Waddenzee islands

In january 1940, KLM opened temporary postal and passenger service to the Dutch Waddenzee islands of Schiermonnikoog and Ameland.

The film shows the DC-3 landing on the beach of Schiermonnikoog, an impressive achievement and a almost unbelievable landing with a passengerplane at this time.

Copyright ©   Nederlands Instituut voor Beeld en Geluid

A dove

KLM went through a relatively quiet period from the end of 1939 until April 1940. Although much of the route network was closed, attempts were made to increase flight frequency.

The line to the East was still open, but passengers had to cover the first part of the journey, to Naples, by train.

On 10 Mai 5 1940, Schiphol was bombed. Hangars and aircraft were destroyed and all scheduled flight services were cancelled.

On 13 May, Plesman asked W.C.J. Versteegh, the KNILM director in Dutch East Indies, to take charge of the company. Alternative employment was sought for the KLM staff who had not been mobilised at the beginning of the war.

Schiphol 1940

Hangar B completely destroyed

Schiphol 1940 after the bombing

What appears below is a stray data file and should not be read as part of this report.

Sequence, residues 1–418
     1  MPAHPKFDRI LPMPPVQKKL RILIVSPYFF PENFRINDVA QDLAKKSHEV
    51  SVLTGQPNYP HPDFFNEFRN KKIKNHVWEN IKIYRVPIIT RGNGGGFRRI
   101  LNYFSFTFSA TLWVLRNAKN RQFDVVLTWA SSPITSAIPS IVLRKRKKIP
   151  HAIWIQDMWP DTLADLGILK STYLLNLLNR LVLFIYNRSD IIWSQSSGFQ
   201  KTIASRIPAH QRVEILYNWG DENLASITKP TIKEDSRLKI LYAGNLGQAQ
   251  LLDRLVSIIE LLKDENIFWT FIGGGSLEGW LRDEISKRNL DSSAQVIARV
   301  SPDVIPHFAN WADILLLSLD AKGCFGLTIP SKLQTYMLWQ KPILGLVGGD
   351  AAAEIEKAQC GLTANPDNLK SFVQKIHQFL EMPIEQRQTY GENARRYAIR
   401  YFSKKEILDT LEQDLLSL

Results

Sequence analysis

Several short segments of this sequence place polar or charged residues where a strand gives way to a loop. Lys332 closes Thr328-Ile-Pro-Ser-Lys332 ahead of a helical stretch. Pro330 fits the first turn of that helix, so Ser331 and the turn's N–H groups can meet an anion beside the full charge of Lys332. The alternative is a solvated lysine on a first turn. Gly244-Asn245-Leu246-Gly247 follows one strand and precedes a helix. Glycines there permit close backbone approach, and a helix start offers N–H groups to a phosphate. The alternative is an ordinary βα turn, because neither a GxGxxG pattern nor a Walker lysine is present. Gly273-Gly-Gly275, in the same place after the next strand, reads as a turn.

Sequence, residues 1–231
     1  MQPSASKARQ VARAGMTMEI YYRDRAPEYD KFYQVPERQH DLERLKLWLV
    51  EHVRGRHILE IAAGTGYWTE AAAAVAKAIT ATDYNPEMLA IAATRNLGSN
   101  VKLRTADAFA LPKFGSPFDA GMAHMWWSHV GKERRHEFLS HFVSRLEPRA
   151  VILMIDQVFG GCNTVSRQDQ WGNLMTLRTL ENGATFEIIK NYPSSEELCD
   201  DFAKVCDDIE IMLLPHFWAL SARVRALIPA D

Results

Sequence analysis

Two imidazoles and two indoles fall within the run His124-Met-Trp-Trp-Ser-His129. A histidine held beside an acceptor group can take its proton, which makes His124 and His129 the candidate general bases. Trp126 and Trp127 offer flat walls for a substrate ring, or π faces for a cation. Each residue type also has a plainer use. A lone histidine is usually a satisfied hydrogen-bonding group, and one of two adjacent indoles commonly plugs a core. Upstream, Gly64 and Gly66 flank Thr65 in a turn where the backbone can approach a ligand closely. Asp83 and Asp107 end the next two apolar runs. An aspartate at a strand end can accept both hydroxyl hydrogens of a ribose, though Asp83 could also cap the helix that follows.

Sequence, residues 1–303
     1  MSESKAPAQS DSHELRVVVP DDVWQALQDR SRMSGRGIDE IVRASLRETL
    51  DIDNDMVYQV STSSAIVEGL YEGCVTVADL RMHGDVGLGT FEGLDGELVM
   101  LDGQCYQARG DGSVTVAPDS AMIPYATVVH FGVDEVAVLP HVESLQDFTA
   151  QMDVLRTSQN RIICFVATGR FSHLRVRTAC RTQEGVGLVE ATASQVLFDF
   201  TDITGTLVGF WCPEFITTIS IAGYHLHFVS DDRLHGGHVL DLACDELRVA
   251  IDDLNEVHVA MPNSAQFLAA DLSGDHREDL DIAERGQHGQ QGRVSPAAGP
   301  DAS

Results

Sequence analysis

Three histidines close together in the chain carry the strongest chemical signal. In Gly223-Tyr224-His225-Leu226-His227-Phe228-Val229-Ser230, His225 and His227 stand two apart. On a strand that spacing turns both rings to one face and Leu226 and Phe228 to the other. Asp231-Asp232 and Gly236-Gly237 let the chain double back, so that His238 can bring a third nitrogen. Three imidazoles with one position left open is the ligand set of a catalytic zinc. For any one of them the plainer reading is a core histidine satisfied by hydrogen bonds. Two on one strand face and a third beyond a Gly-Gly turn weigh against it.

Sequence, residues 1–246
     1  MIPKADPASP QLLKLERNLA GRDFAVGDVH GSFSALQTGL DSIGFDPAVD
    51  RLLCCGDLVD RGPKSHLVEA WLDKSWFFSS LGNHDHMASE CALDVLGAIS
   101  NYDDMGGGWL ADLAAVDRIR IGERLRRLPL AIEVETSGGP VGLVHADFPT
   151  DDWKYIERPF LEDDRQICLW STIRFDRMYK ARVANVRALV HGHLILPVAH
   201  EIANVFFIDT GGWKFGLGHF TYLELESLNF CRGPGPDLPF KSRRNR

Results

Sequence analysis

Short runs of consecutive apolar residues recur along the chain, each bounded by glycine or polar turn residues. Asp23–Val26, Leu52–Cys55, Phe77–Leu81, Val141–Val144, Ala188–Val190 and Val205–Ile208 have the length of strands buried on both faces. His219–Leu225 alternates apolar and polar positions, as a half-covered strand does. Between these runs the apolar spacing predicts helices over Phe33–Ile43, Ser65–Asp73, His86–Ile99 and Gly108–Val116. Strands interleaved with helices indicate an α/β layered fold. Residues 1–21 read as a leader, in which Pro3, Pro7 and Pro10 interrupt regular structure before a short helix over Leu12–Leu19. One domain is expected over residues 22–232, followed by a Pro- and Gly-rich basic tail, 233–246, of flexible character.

Schiphol 1940 after the bombing

Better times in the Carribean at that moment: the Douglas DC-5 was introduced on flights connecting the Antennae Islands and Surinam on mainland South America. KLM is a loyal Douglas customer, from the DC-2 to the MD-11




Schiphol bombed

The advent of World War II changed the fortunes of the Dutch airline, as it did almost every other major airline in the world.

KLM stopped all its European flights in August 1939 except to Scandinavia, Belgium, and London.

Despite defiant attempts to continue regularly scheduled service after the war began, KLM had to close all its European operations in May 1940 when the Nazis invaded and occupied the Netherlands.


Amazingly, the company continued to provide services in eastern Asia even though it no longer had a “home” country.

Furthermore KLM maintained its services in the Caribbean, where the fleet now included the Douglas DC-5. KLM also maintained services from Bristol to Lisbon and Gilbaltar for the British Overseas Airways Corporation (BOAC).

During the occupation, Plesman forged plans for the resurrection of his airline after the war.